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Isotope Evidence to Link a Suspect with a Pipe Bomb Multimurder in Austria 1995

NCJ Number
Journal of Forensic Sciences Volume: 56 Issue: S1 Dated: January 2011 Pages: S188-S191
Wolfgang Papesch, Ph.D.; Dieter Rank, Ph.D.; Micha Horacek, Ph.D.; Roland Tesch, M.Sc.
Date Published
January 2011
4 pages
A bomb attempt in Oberwart, Austria, on February 4, 1995, was the culmination of several pipe and letter bomb attempts mainly in Austria.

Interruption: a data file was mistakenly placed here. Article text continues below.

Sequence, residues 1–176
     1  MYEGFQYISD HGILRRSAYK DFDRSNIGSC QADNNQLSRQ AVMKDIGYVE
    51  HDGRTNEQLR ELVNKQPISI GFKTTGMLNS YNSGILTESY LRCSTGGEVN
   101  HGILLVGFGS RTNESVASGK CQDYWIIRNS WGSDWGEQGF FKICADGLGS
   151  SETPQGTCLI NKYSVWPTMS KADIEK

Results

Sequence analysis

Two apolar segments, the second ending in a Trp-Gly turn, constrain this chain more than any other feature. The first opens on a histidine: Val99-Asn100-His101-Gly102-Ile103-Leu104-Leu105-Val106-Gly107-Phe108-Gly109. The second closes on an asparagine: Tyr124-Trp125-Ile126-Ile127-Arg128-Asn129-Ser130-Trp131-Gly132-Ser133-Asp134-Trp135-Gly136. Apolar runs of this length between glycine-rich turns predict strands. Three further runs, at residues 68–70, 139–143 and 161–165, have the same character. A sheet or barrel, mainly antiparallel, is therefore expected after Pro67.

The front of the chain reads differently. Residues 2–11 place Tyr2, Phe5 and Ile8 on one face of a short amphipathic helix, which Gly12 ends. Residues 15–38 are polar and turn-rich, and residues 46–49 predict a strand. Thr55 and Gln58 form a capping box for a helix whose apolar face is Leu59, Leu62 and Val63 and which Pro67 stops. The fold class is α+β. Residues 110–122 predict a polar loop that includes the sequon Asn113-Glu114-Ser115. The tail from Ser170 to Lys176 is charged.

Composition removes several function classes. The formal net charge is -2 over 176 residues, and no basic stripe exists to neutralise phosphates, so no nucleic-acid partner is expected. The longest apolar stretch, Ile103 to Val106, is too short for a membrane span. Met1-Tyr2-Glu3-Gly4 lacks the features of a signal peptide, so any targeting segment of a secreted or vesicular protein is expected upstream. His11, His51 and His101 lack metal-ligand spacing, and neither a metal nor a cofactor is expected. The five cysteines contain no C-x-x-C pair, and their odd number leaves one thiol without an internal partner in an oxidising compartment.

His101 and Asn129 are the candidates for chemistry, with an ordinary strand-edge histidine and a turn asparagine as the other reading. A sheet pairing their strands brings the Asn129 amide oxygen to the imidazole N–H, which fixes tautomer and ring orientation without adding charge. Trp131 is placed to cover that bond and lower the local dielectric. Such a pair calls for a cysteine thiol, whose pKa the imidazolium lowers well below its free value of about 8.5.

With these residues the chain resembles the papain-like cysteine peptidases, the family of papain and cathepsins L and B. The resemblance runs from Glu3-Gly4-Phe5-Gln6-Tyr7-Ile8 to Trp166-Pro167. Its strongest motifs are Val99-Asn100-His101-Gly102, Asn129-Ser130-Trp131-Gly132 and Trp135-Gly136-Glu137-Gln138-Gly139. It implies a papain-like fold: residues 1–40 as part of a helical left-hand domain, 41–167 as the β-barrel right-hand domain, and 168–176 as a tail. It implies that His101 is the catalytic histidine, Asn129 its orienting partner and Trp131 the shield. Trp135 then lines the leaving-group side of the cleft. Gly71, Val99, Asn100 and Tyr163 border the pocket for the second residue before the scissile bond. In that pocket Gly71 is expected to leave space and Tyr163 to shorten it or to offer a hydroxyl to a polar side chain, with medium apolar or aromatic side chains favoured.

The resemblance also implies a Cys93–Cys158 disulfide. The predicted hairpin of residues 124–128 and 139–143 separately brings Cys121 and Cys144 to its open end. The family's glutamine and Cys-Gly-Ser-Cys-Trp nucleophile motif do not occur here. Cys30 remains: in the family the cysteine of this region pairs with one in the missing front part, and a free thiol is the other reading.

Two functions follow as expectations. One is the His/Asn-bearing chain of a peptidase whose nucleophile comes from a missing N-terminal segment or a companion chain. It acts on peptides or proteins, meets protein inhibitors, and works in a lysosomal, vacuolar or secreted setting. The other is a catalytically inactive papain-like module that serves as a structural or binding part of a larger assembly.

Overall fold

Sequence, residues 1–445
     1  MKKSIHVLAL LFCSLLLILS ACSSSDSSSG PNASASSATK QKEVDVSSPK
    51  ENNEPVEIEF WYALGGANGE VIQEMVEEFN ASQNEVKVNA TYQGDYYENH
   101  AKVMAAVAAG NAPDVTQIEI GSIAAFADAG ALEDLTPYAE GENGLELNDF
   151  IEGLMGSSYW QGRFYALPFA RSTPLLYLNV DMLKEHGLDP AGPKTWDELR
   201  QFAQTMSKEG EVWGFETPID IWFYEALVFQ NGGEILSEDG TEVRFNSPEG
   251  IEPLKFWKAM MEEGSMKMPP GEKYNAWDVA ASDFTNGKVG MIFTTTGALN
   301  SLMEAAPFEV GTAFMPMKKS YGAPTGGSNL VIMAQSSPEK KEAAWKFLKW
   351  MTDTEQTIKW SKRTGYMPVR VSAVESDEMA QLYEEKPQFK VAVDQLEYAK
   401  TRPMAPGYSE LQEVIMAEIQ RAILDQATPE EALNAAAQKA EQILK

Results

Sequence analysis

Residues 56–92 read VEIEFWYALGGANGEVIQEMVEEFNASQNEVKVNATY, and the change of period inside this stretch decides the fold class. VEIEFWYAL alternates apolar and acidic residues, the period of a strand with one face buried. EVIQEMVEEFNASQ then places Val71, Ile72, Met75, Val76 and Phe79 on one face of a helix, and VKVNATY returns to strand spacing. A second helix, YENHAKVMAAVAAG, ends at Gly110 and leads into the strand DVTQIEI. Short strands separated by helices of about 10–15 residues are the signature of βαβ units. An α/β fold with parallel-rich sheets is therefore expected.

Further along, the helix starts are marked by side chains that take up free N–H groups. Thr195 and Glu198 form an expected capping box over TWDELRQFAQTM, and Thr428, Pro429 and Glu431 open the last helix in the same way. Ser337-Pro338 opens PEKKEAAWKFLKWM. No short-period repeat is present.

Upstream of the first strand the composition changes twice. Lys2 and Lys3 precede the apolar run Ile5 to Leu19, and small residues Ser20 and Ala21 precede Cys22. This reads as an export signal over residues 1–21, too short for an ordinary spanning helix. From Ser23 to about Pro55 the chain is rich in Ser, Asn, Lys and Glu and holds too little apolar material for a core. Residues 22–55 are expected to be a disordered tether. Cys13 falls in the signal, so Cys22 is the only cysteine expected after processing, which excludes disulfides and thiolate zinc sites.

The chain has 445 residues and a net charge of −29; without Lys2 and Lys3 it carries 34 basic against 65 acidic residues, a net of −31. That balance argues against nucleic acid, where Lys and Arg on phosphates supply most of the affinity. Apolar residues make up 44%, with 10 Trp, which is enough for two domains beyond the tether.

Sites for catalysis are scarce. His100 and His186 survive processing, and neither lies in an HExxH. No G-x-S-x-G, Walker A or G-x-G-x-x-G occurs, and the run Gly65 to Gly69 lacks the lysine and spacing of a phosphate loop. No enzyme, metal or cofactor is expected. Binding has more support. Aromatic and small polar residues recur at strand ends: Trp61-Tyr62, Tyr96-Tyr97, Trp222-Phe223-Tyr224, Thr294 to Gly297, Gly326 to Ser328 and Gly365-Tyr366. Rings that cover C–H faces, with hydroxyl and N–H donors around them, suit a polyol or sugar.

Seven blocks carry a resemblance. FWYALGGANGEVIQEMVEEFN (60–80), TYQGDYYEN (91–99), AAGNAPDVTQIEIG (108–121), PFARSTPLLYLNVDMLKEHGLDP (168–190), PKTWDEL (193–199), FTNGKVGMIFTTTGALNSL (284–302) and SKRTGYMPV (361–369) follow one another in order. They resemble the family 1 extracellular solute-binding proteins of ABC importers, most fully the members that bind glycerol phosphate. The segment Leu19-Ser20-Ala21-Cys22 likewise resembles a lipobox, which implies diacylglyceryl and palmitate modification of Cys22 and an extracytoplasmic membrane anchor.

The pipe bomb had been mounted on a self-made gypsum (plaster of Paris) pedestal and exploded when touched, killing four persons. With a level of 200 tritium units (TU), the water extracted from the gypsum pedestal was unusually enriched in tritium (³H) compared to an environmental level of about 20 TU at that time. Investigation of the ³H content of air moisture in the living room of an arrested suspect showed values of about 1000 TU (normally, 50 TU is not exceeded). Additionally, water used as sealing liquid in a glass with nitroglycerine found in the living room was also significantly enriched in ³H (greater than 400 TU). The living room therefore offered the high ³H level environment necessary to lead to elevated ³H concentrations in the gypsum pedestal. (Published Abstract)


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